In some cases, community banks are finding opportunities to partner with P2P lenders, says Pruis. “In 2015 Lending Club partnered with BancAlliance which is a national consortium of 200 community banks to offer co-branded personal loans,” says Pruis. “Some of the larger banks have partnered up with OnDeck (Chase) and others. Typically, the partnership is based upon referring loan applications that might not meet the credit criteria of the bank. In some situations, the banks are actually using the P2P lender platform to process loan applications.”
Leveraging Community Relationships
“To combat the uptick in peer-to-peer lending, community banks need to return to their roots,” says Donovan Sipho, with Paraclete, Inc. “The reason why I and others have used community banks is because of the values that they stand for, as opposed to the corporate giant banks,” he says. Sipho, who is a marketing consultant, notes that peer-to-peer lending is standing up to the conventional banking system and suggests that community banks can do the same. He recommends that community banks:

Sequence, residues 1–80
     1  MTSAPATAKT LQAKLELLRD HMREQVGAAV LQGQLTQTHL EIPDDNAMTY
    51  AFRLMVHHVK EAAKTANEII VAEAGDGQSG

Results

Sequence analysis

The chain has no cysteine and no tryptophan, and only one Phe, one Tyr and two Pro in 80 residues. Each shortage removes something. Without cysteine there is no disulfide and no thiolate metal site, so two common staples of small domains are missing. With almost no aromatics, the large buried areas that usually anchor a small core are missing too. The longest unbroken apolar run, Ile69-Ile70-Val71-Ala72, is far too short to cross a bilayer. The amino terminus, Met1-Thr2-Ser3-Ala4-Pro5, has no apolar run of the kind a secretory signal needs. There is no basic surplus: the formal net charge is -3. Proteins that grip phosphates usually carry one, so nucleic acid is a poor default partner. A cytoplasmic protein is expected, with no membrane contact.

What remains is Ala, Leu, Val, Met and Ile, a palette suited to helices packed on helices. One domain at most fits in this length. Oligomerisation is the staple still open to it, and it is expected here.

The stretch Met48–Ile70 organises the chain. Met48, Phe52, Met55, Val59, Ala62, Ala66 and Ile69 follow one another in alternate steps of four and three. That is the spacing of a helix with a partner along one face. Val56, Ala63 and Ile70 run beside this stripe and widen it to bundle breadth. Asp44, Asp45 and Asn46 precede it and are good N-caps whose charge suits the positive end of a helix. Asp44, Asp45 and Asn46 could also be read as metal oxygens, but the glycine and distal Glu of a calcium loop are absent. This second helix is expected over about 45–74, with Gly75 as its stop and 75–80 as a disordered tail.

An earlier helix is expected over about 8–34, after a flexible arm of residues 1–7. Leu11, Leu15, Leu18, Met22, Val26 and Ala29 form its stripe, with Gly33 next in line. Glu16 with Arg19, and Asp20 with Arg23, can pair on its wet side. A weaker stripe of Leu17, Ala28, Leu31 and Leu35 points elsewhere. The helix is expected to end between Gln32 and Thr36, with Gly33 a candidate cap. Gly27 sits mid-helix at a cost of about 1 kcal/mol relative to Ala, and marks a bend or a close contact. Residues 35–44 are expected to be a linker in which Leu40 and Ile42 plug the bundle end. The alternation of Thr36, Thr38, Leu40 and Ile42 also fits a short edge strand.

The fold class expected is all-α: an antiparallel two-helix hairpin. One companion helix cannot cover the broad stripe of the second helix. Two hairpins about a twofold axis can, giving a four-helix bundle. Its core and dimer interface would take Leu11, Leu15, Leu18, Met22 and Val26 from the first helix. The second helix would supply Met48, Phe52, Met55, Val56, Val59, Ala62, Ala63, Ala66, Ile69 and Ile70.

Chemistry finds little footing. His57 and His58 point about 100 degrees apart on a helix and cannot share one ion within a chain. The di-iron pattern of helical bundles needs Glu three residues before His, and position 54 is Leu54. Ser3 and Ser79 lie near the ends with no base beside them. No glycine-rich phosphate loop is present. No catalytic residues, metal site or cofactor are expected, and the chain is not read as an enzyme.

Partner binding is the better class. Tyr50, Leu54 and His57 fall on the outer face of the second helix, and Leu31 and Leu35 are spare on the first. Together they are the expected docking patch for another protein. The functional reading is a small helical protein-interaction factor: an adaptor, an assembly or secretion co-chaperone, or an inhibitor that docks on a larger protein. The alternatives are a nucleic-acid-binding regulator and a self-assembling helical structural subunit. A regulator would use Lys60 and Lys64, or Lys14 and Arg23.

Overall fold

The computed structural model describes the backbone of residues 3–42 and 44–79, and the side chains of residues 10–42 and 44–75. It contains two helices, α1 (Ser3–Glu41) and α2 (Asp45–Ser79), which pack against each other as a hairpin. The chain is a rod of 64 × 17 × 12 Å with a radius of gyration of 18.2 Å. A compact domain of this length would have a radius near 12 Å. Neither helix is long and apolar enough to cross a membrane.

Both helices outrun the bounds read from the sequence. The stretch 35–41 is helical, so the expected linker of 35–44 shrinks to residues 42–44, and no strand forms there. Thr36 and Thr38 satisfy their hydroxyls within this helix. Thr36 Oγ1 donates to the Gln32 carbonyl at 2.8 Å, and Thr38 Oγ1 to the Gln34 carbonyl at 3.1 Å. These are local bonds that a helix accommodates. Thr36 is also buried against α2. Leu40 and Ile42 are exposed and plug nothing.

- Highlight what they do for, and within, the
communities they serve
- Involve the community in the bank, creating
opportunity for the community to invest in the bank, as they invest in the
- Give people a bank they can trust and believe
in—a bank that is truly making a difference
Certainly, there will be—there is—some segment of the population comfortable with borrowing money in cyberspace from people and organizations they don’t even know. But there will also continue to be some segment of the population that prefers to borrow money from people and organizations that are part of the fabric of their communities—whose employees are their friends, relatives and neighbors; who they see participating in community events; providing support for local people and the local economy; and understanding, in a way that technology still can’t, what it means to be a community.